For the purpose of more seamless arrivals, I sketched out some basic progressions involving these different pitch clusters from which to draw upon and expand. I see the incorporation of harmony within this piece as something adding stability and focus. In this piece, I consider underlying chord structures something like the underlying bedrock of the Transverse Ranges - something not always visible, though at times revealed at the surface, something upon which everything else grows, something that ebbs and flows throughout the piece and that does establish a foundation for harmonic movement and interaction. Structure that informs and dictates the progression of the piece as well as the shape and interactions of the material expanded from it.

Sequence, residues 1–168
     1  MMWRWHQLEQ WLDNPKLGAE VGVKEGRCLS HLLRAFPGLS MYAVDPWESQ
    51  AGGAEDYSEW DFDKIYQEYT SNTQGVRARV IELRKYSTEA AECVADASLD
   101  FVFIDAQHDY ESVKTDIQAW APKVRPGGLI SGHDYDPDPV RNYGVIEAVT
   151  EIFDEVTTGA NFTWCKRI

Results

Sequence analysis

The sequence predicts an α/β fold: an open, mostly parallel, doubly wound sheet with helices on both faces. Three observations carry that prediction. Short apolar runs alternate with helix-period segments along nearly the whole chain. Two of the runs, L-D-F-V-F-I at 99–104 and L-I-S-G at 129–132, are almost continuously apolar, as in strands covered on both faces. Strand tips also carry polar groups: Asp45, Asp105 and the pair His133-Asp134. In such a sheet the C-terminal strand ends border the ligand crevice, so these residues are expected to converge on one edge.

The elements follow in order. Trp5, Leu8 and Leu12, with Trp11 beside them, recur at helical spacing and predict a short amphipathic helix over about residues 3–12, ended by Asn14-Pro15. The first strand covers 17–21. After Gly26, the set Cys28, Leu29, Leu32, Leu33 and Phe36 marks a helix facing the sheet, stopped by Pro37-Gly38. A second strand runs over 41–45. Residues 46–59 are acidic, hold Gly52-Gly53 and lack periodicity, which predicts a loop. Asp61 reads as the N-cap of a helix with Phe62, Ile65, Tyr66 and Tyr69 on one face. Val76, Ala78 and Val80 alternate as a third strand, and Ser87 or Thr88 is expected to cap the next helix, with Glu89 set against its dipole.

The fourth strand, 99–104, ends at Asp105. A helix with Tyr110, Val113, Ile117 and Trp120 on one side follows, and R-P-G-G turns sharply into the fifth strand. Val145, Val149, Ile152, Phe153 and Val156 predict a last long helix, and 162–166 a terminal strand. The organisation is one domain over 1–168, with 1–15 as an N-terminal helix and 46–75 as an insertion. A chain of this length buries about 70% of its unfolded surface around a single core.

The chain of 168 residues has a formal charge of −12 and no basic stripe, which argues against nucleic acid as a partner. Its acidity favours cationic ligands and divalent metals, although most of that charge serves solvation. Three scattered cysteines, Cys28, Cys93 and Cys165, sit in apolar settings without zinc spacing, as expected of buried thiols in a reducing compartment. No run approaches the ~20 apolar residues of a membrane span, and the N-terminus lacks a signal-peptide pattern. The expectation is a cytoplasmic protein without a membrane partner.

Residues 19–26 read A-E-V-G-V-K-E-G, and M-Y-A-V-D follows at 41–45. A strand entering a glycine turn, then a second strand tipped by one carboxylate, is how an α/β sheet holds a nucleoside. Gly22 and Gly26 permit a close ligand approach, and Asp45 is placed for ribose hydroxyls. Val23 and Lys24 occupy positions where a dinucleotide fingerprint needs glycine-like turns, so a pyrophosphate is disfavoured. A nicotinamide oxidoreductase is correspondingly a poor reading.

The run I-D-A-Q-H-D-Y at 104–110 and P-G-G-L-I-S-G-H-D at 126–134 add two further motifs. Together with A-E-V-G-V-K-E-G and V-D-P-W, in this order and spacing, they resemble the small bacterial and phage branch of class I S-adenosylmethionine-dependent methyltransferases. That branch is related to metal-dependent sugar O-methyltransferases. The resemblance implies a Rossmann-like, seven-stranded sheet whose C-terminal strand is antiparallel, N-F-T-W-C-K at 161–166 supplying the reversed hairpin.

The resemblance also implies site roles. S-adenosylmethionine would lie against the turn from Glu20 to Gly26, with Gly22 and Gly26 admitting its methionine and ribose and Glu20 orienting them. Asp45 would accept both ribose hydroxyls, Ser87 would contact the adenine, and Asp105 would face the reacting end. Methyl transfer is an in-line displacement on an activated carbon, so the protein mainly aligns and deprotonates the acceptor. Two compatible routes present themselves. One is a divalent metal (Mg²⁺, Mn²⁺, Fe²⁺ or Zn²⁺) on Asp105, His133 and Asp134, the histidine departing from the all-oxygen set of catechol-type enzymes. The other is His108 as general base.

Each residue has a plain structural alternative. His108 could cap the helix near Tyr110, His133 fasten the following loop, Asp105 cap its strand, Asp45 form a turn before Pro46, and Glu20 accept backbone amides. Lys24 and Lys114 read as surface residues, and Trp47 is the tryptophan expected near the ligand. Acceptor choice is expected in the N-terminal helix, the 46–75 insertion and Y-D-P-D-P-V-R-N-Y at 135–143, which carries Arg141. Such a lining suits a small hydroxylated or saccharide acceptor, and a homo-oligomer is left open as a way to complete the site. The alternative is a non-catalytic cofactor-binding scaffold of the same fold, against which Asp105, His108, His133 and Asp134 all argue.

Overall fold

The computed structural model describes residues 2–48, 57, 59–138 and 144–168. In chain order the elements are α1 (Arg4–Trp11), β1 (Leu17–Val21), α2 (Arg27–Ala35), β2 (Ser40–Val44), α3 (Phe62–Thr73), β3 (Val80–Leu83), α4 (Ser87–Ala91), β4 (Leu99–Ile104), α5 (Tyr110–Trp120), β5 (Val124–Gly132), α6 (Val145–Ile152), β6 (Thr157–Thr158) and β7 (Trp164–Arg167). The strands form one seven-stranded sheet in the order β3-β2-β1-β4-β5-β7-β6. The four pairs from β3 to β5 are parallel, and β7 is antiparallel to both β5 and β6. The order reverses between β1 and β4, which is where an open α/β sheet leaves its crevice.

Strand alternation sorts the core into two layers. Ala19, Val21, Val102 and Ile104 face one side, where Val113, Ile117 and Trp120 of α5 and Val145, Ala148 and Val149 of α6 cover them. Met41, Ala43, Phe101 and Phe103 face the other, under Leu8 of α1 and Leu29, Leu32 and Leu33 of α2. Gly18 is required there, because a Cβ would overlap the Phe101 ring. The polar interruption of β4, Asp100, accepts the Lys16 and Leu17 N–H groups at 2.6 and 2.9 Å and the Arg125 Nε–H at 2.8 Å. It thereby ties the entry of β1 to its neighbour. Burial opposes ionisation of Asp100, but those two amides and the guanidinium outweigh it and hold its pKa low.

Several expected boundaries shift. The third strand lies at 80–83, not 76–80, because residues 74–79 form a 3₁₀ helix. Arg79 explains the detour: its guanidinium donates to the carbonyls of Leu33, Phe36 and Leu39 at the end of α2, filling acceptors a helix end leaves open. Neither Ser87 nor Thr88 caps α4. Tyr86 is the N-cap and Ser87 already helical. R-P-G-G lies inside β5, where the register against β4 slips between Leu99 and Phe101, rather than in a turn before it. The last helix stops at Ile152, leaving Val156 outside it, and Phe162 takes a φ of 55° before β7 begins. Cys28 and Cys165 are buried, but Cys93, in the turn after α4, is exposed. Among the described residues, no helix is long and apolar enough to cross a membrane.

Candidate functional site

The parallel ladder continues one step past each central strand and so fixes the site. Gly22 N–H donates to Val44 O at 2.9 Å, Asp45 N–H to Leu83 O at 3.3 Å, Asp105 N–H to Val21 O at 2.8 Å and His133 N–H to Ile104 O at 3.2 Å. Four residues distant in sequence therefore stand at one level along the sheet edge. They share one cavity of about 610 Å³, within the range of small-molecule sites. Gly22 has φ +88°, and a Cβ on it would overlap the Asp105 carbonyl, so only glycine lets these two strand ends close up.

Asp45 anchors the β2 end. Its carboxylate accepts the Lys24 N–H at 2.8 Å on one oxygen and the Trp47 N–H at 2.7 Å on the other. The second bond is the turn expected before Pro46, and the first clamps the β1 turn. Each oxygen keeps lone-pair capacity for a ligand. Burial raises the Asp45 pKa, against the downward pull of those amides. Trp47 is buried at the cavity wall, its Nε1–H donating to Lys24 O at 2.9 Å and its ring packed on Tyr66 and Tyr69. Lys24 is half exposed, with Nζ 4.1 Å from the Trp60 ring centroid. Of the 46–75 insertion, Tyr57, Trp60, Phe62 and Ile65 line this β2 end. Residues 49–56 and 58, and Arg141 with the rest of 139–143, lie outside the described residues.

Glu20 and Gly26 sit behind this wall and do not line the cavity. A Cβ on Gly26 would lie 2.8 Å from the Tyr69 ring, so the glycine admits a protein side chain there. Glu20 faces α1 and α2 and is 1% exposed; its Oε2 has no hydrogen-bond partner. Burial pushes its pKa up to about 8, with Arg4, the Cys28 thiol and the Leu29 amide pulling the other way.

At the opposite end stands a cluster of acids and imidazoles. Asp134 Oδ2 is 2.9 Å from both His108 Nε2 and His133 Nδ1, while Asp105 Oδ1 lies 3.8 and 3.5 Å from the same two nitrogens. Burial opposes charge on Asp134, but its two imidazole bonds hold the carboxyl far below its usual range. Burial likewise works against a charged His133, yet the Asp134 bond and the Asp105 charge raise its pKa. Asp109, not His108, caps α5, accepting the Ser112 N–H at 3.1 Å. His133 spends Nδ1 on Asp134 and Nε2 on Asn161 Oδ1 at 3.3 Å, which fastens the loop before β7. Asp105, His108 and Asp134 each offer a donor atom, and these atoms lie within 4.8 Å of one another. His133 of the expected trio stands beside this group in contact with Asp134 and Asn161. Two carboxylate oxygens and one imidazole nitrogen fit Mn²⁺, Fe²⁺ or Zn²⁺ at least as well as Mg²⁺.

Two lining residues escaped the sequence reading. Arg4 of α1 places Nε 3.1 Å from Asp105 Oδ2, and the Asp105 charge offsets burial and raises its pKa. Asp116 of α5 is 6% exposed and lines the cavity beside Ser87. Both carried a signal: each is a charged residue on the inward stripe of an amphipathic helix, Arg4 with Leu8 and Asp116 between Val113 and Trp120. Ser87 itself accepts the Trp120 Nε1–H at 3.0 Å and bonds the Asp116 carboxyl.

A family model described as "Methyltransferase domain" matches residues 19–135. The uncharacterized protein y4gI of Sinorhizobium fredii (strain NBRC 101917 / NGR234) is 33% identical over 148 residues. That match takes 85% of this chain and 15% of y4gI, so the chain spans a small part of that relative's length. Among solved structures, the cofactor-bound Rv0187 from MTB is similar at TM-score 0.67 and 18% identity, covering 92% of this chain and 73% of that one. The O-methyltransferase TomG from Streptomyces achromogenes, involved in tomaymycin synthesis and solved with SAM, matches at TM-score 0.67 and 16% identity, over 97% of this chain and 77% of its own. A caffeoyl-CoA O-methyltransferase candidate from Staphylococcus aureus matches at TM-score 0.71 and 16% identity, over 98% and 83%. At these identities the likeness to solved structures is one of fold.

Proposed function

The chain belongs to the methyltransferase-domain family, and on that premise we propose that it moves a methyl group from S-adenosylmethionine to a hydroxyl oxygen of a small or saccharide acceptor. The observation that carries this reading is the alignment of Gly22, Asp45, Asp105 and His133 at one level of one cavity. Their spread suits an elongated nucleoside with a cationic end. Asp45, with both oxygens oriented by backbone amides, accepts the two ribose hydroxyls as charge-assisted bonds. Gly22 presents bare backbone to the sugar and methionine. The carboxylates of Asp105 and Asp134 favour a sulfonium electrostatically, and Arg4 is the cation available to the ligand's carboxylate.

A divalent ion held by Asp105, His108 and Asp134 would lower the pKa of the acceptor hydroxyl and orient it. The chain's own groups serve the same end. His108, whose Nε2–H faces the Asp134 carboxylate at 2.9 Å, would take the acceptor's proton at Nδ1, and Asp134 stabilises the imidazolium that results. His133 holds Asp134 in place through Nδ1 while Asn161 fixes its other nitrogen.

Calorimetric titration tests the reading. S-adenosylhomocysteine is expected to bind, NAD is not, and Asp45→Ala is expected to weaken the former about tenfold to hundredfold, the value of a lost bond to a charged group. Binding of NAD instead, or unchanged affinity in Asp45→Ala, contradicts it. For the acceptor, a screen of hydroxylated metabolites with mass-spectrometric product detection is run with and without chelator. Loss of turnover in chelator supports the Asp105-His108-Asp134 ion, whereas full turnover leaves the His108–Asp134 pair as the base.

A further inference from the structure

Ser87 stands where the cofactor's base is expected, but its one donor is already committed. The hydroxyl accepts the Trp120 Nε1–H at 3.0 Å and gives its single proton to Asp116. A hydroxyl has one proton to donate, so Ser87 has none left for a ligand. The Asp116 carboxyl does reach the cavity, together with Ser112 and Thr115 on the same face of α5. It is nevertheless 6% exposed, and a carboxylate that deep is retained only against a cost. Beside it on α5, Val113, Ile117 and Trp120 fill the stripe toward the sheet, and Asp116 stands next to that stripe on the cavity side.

By incorporating more developed harmonic content into certain areas of the piece, it established a contrast between areas of functional harmony and more timbral regions. However, maintaining a balance of both harmonic and incidental material was important to me in this piece.
Rhythmic configurations include mixed meters and repeating cells of simultaneous, varying meters and rhythmic durations. Sometimes using the shapes of the specific branches to tease out intervallic structures and rhythms and other times thinking about larger motions and underlying structures - it’s about the superimposition of varying nodes to achieve different values of color and texture within the composite whole. At some points achieving a rhythmic coordination, at other points achieving some degree of messiness, or clarity. Shaping arrivals into these events contribute to the contour of density throughout the piece. After all, there are obvious rhythms to these plants. Witnessing a wall of chaparrals is basically like seeing a collection of repeating, superimposed lines.